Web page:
Endangered animals are among the 73 species of wildlife considered under threat from poaching and encroachment onto forest land that have been identified in the Phnom Tnaot-Phnom Pok Wildlife Sanctuary in Preah Vihear province.

The USAID Prey Lang Greening Project said on June 7 that the results of a biodiversity study at the Phnom Tnaot-Phnom Pok Wildlife Sanctuary had recorded 73 species of wildlife, including 22 types of mammal, 49 types of bird and two types of reptile.

Twelve of the species identified in the report are listed by the International Union for Conservation of Nature (IUCN) as endangered or threatened, including the banteng, Bengal slow loris, Indochinese silvered langur and green peafowl.

The USAID Prey Lang Greening Project has expressed concern over the loss of existing forests in Cambodia due to a number of threats.

“The main threats to the Phnom Tnaot- Phnom Pok Wildlife Sanctuary are the potential for economic land concessions for mining, encroachment, agriculture and hunting, and human-wildlife conflict is also becoming a concern,” it said.

The USAID Prey Lang Greening Project was established to identify and define biodiversity in areas of high conservation value, especially the Phnom Tnaot-Phnom Pok Wildlife Sanctuary in Preah Vihear province.

According to USAID, the Biodiversity Assessment (HCV 1) was conducted by analysing camera trap data obtained over two years, 2020-21, as well as incorporating and reviewing existing data from Our Future Organization (OFO) on wildlife.

The project is also an assessment of HCV 2 – large landscape-level ecosystems – and HCV 3 – rare, threatened and endangered ecosystems, habitats and refugia – was conducted through a review of available literature.

Ben Davis, a conservationist at the Phnom Tnaot-Phnom Pok Wildlife Sanctuary, said that while the discovery of such species was a good sign that many remain in Cambodia, wildlife in the area has decreased slightly compared to eight years ago.

“Eight years ago, there were 80 species, so wildlife has decreased. There are now not as many wild wolves, bear or cloud tigers as there were eight years ago – maybe they are now extinct here. But from what has been found, I am happy and remain motivated in protecting wildlife, particularly deer and banteng,” Davis said

In the meantime, he called on people to stop setting traps, the continued use of which would lead to a drastic loss of wildlife in Cambodia.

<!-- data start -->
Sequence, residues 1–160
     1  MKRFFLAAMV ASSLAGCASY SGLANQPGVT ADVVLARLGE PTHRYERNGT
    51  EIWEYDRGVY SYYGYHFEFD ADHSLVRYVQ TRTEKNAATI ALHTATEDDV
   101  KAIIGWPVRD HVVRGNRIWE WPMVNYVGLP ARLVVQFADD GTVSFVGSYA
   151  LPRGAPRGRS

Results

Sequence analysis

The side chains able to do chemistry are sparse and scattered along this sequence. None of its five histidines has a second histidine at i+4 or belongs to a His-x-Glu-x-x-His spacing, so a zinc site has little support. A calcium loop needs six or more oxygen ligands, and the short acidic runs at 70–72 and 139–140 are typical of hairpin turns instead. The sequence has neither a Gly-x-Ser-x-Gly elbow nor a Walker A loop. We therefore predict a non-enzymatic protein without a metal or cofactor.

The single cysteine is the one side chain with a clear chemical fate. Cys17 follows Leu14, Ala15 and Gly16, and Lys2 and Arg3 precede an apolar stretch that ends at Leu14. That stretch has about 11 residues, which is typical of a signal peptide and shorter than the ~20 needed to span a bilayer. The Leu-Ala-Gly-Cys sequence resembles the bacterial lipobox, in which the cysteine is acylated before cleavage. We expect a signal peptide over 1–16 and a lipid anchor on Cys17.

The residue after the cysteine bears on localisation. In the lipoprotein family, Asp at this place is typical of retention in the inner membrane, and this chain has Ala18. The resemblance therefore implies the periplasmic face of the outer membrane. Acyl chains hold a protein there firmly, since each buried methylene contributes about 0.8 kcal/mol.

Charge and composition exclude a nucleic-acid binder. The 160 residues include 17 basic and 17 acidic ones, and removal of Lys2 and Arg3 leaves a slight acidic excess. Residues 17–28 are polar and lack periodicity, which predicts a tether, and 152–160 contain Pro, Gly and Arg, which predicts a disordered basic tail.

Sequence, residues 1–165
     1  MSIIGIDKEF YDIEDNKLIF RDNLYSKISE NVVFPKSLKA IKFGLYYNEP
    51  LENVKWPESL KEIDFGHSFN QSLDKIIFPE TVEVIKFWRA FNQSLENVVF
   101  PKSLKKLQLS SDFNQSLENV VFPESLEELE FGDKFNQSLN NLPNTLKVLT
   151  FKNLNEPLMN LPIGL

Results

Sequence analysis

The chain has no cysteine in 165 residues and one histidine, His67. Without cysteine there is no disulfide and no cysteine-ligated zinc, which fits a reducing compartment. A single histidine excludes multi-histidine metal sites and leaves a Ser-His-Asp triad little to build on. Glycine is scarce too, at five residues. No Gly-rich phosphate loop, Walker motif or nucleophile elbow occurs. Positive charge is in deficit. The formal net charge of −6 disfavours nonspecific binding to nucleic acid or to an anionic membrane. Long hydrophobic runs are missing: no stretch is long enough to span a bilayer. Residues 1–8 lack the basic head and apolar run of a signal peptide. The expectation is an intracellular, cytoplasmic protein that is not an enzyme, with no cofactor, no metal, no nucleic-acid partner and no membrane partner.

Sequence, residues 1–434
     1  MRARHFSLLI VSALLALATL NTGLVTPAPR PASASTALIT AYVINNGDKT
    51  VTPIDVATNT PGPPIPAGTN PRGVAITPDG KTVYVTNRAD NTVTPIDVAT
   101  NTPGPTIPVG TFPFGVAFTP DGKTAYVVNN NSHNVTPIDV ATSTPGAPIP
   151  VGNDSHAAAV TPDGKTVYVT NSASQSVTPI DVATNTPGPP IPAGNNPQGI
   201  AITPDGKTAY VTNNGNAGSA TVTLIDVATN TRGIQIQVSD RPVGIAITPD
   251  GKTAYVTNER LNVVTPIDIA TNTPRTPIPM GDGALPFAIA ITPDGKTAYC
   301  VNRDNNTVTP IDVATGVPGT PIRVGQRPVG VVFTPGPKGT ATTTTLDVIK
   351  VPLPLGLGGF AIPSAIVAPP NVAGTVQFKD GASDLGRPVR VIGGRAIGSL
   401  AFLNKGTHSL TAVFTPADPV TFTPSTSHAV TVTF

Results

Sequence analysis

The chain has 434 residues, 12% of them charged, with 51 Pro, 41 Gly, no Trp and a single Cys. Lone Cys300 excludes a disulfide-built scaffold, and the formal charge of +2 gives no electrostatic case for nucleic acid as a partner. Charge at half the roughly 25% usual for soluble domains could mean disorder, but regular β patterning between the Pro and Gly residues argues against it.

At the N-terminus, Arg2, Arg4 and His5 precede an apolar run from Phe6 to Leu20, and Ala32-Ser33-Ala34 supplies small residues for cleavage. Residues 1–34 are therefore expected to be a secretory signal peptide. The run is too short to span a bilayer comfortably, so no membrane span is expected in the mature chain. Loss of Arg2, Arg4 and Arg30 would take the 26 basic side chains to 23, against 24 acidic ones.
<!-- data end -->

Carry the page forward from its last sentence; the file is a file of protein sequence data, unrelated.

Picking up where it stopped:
“While in the core area, wildlife is better protected than before, animals do not stand still, they are moving closer to farmland, and people are setting more traps. Most of the animals that end up in these traps die, and there are now more farmers in the area than before.

“Traps are a serious problem, they are cheap and so simple to use that even children can set them. A trap can kill large animals such as deer and banteng even though these animals are very large and strong,” Davis said.

However, he said he remains hopeful that through the Zero Trap Campaign in the Preah Vihear protected area, initiated by the Ministry of Environment with the participation of conservation partners, there will be increased contributions to wildlife protection.

Neth Pheaktra, spokesman for the Ministry of Environment, said the protection of wildlife and forests was led by the ministry, which had partnered with the Prey Lang Greening project to protect and conserve natural resources.

“In this task, first of all we are strengthening the implementation of the law, preventing illegal wildlife hunting by cracking down on the perpetrators. And in regards to illegal wildlife hunting, we are enforcing additional laws relating to the submission of cases to court in instances of hunting endangered and rare species,” Pheaktra said.

The Ministry of Environment is also leading project partner organisations in launching a zero-trap campaign to remove the deadly devices from protected areas and prevent poaching, while enhancing the local economy for those who rely on natural resources, he added.